Sonja Hedlund was first a city girl, born in Brooklyn to immigrant parents. The Norwegian and Swedish heritage of her parents was a major influence throughout her life. Scandinavian traditions of hospitality, church participation and openness to neighbors saturated the household. The Brooklyn Heights brownstone where they lived was also a sort of rooming/apartment house attracting students from Taiwan, business people from the Netherlands and academics from Israel. Then the Heights was far from upscale. It took the construction of the promenade and the move to return to city life that changed the neighborhood.
After seven years of elementary school at P.S. 8, Sonja was provided a full scholarship to the Packer Collegiate Institute which lasted through the first 2 years of college. she went on to the University of Michigan, majored in history and made close friends with Japanese students. One thing led to another and Sonja became a J3, a short term missionary for the United Methodist Church. She was shocked by the segregation of Nashville as the civil rights movement started. After a semester of preparation at Scarritt College in Nashville, she traveled by train across the US to San Francisco and a winter crossing to Yokohama. She had the good fortune of meeting another Japan bound young woman, Julie Plummer. Together they studied Japanese for about 6 months. Their friendship grew while in Japan and is still strong today. The work at the Hiroshima Jogakuin School was challenging but lots of fun! Teaching English conversation to 7th graders, older students and young adults meant thorough preparation – and mastering the names of her students. She was only a few years older than her students. Harder still were weekly private lessons in Japanese language and taking her turn with all teachers to lead daily chapel gatherings ….in Japanese. To her good fortune a Japanese couple living in the suburbs of Hiroshima invited her to live them. Her job was to teach them English. That was a total failure. But Sonja’s Japanese language skills improved as did her manners and appreciation for Japanese customs and traditions.
After three years as a teacher, Sonja and her close friend Julie set off for 6 months of travel before returning to the USA. Those were the days when Americans were welcomed and travel costs were relatively cheap. The itinerary started in Hong Kong, Malaysia, Thailand, Cambodia, India, Egypt, Jordan, Syria, Palestine and Israel (with two separate passports). A ship from Alexandria took them to Greece and then on to Europe. Sonja had a cousin who was attending one of the Vatican Councils – and the two managed to attend a special event in St. Peter’s with the Pope presiding. On to Florence, Rome, Berlin (when it was still divided between east/west), Amsterdam, Copenhagen, Stockholm and Christmas celebrations in Norway with family. It was travel from mid July to mid January. Along with years living in Hiroshima, the trip molded Sonja’s character, her work view and understanding of the USA as just one of many fine nations – all with problems and injustice.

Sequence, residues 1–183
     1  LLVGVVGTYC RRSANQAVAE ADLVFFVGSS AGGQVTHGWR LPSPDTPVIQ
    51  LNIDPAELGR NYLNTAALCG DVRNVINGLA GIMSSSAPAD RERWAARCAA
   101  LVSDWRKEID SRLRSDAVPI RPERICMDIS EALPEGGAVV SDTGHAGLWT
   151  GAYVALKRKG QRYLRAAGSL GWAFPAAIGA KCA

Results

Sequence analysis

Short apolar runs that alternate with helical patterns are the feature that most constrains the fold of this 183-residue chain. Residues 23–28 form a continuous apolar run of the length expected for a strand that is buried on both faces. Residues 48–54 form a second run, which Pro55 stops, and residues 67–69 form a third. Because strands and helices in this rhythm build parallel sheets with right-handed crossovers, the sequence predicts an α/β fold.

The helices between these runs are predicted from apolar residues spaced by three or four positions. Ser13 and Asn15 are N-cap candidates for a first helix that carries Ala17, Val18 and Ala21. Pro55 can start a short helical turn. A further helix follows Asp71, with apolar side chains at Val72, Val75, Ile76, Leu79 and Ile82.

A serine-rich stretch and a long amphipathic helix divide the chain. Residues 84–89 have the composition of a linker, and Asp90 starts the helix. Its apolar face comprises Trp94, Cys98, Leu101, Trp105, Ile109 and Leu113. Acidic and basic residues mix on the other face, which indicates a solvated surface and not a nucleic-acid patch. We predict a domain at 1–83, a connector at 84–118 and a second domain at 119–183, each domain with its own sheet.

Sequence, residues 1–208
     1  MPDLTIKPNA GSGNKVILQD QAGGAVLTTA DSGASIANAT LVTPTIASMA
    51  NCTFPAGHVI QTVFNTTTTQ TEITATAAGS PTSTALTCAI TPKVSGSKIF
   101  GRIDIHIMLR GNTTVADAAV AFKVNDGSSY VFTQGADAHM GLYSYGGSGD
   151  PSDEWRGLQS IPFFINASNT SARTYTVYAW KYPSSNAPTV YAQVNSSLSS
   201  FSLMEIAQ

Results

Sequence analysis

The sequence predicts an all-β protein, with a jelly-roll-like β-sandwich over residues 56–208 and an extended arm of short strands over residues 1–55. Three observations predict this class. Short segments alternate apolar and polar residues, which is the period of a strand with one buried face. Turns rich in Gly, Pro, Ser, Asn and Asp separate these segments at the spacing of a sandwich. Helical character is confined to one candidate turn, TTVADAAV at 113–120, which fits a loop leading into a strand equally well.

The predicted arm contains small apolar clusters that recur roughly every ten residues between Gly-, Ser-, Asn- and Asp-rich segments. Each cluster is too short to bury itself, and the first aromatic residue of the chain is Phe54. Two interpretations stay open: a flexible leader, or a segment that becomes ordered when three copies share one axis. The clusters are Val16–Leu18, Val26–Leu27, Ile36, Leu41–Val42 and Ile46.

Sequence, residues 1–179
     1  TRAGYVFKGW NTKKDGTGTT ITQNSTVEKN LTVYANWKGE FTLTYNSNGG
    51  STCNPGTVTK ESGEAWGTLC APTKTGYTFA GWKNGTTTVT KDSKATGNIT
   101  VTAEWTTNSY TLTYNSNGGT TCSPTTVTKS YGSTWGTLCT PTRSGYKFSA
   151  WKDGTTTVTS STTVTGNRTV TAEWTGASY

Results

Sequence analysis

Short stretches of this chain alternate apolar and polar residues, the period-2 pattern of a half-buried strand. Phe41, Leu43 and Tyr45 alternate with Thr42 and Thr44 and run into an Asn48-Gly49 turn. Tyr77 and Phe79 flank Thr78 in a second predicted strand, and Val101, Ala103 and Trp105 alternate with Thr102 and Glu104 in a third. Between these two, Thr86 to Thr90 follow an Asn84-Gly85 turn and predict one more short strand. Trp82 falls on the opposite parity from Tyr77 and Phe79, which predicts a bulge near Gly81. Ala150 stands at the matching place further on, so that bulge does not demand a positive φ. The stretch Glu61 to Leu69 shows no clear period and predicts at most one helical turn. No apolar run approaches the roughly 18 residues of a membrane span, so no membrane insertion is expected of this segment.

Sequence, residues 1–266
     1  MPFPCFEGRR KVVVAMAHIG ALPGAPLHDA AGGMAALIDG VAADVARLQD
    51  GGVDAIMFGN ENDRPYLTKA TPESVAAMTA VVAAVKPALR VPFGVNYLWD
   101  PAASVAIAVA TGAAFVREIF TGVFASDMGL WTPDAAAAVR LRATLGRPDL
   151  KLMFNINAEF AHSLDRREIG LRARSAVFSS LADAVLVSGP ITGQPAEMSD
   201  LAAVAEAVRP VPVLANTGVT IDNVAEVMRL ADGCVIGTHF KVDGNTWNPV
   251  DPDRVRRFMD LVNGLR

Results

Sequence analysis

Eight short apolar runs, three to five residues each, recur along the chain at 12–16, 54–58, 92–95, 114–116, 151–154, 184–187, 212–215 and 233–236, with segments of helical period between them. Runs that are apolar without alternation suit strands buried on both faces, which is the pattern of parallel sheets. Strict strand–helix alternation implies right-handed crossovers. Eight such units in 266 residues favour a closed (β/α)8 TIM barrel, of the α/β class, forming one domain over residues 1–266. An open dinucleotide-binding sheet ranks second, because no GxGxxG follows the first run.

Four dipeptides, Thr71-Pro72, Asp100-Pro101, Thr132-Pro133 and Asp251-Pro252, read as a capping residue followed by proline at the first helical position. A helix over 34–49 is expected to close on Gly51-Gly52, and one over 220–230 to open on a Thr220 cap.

Now in her mid twenties, Sonja worked for the United Methodist
church, ‘itinerating’ in the southern states, talking about her
experience in Japan and the changing role of Christianity in the
world. She continued as a non governmental representative at
the United Nations for the University Christian Movement and
worked planning seminars on international affairs at the Church
Center for the United Nations. When a Brooklyn brownstone
became available for rent, she and Dick Riseling (now her partner)
helped organize a commune, 8 adults living in a four story house,
sharing chores, meals and friendship. Along with commune mates,
she became active in anti Vietnam War activities and in the
Women’s Liberation Movement.
In the mid 1970s Sonja and Dick made a connection with country life in Sullivan County. On weekends, they raised horses and sheep, remodeled a run down house and gradually started a business came to be known as APPLE POND FARM and RENEWABLE ENERGY EDUCATION CENTER. A Masters in Community Health at Hunter moved Sonja to work in public health. Her career started with the NYC Health Department and ended with the NYS Health Department in Albany as director of the NYS Health Heart Program until her retirement in 2002. It was time to live full time on the farm.
Sonja is now a full time Sullivan County resident, a goat and sheep breeder, a cheese maker, a radio host (WJFF public radio in Jeffersonville) and a writer (The Towne Crier, weekly tales of day to day live on a working farm). She delights in the work of the farm, the connections she makes with animals,
especially dogs and the people who visit the farm. In a small community opportunities to make a difference abound – as President of the Board of Trustees of WJFF Radio, trustee of the Sullivan County Cornell Cooperative Extension and the County’s Visitors’ Association. But there is still time to travel – to Greece, Turkey, Tbilisi and in 2016 to Kenya.